Normally you will not need to do anything and the live operating system will load completely by itself, showing you the following screen:
It did not take more than 20 seconds on the virtual machine to fully read and run the live.
To start the installer, run the void-installer utility with the appropriate permissions (ie sudo void-installer) on a terminal.
During the installation process it will ask you:
a. the login user. You must be logged in as "root" or "anon" with the password "voidlinux". You change the password later.
b. keyboard layout (usually we put)
d. the installation source (in your bottle or from the internet)
f. language, time, new root password
g. user setting (name, password, group)
h. the installation disk, with graphics or not
i. The partitions of the disk. Select the same disk you selected for the bootloader. The wizard will then ask you which tool you want to use to split the disk. Select “cfdisk", As it is simpler and easier to use. If you are using a blank disk, cfdisk will ask you for a label type. Select “gpt", As it is more flexible and can handle larger drives compared to other types of labels.
j. The cfdisk partition layout will largely depend on whether you are using a UEFI or BIOS system. For a UEFI system, you will need to create four partitions.
You can do this by selecting "Free space" with the keys and the cursor and selecting "New". Cfdisk will then ask you for the size of the partition you want to create.
- For the first partition, you will need to create one with a size of 1 GB.
- The second partition must be 200MB in size and EFI system type. Use Type for this.
- The third partition will depend on the size of the RAM in your machine. If it is less than 5 GB, give twice as much RAM as you have. For example, if your machine has 4 GB of RAM, set the size of the third partition to 8 GB. For anything over 5 GB, provide the same size as the amount of RAM in the system. Finally, the third partition must have a Linux swap type.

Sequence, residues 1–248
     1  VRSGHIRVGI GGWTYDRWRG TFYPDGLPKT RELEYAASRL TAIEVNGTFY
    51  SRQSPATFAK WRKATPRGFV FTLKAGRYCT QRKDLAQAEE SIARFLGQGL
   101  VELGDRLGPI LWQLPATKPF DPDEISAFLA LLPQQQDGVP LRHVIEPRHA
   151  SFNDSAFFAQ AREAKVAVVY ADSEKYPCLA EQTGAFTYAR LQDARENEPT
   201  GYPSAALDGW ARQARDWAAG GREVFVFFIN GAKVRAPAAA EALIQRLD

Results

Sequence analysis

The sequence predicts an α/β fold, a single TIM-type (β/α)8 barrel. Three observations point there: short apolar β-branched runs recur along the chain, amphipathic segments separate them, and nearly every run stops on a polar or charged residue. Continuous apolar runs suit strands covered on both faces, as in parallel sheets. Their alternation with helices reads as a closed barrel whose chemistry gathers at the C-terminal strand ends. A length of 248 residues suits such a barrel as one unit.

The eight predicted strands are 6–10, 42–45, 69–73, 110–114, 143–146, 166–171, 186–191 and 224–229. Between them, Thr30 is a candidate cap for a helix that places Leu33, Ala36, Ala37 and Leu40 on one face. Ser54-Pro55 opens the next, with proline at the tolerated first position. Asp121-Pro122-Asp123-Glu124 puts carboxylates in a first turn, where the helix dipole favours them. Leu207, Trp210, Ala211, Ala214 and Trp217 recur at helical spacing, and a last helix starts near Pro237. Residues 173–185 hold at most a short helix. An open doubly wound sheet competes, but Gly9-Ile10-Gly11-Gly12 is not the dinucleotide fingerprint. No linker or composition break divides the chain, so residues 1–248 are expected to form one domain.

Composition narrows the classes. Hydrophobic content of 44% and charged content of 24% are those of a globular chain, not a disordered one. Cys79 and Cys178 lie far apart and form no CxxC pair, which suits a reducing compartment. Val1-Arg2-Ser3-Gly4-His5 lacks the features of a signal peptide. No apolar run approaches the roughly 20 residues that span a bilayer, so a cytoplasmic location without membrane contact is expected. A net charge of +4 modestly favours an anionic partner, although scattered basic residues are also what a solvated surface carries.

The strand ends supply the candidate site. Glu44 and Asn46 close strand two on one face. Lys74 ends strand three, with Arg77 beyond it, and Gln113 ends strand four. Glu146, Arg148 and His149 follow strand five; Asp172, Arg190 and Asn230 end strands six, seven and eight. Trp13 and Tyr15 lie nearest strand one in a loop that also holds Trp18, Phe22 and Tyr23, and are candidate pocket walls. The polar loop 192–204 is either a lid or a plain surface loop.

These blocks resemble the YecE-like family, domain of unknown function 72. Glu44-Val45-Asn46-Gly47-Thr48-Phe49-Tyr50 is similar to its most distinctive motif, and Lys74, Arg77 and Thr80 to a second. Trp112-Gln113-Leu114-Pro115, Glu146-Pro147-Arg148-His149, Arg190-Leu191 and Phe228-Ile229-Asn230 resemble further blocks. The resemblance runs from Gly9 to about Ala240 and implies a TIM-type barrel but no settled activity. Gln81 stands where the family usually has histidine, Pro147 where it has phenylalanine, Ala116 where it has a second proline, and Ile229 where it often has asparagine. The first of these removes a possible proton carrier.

- For the last partition, allocate all the remaining disk space.
Once done, you can now select the "Write" option on cfdisk and type yes to confirm the partitions. After that, you can now exit cfdisk by selecting Quit.
ια. For the filesystem step, you will create the filesystems for the partitions you created. The wizard will ask you for a "Filesystem Type" when you select a partition and then ask you for a "Mountpoint".
- For the first, select "ext2" as the type and type "/ boot" for the mount point.
- The second will be "vfat" type with attachment point "/ boot / efi"
- The third will be of the "swap" type without attachment points.
- The latter will have "ext4" as the type and "/" as the attachment point.
If you want to see your settings click on "Settings", otherwise continue the wizard by clicking on "Install". It will warn you about the data that will be erased from your disk. Click Yes and the installation begins.
Installation should not take long. Once completed, the wizard will display the "Installation Success" screen. Select Yes to restart the machine on Void Linux.
Congratulations! You now have a Void Linux installation with Xfce. From here, you can install anything you want.
If you want to install it on a machine with Bios and not with UEFI or even on a virtual machine (as we did with virtualbox) then you need to change your settings to (j) and (k).
In (i), ie in the partition layout you must first put a new partition of size 1M and with Type "BIOS Boot".
In (k), ie in the filesytem you should not give it any settings and respectively your final screen before the installation will be:
This way the installation will not show you the error: "void linux failed to install grub to / dev / sda" and will proceed normally. After the reboot do not forget to remove the iso file from the virtual dvd player, so that it reads the disc and shows you the new input screen: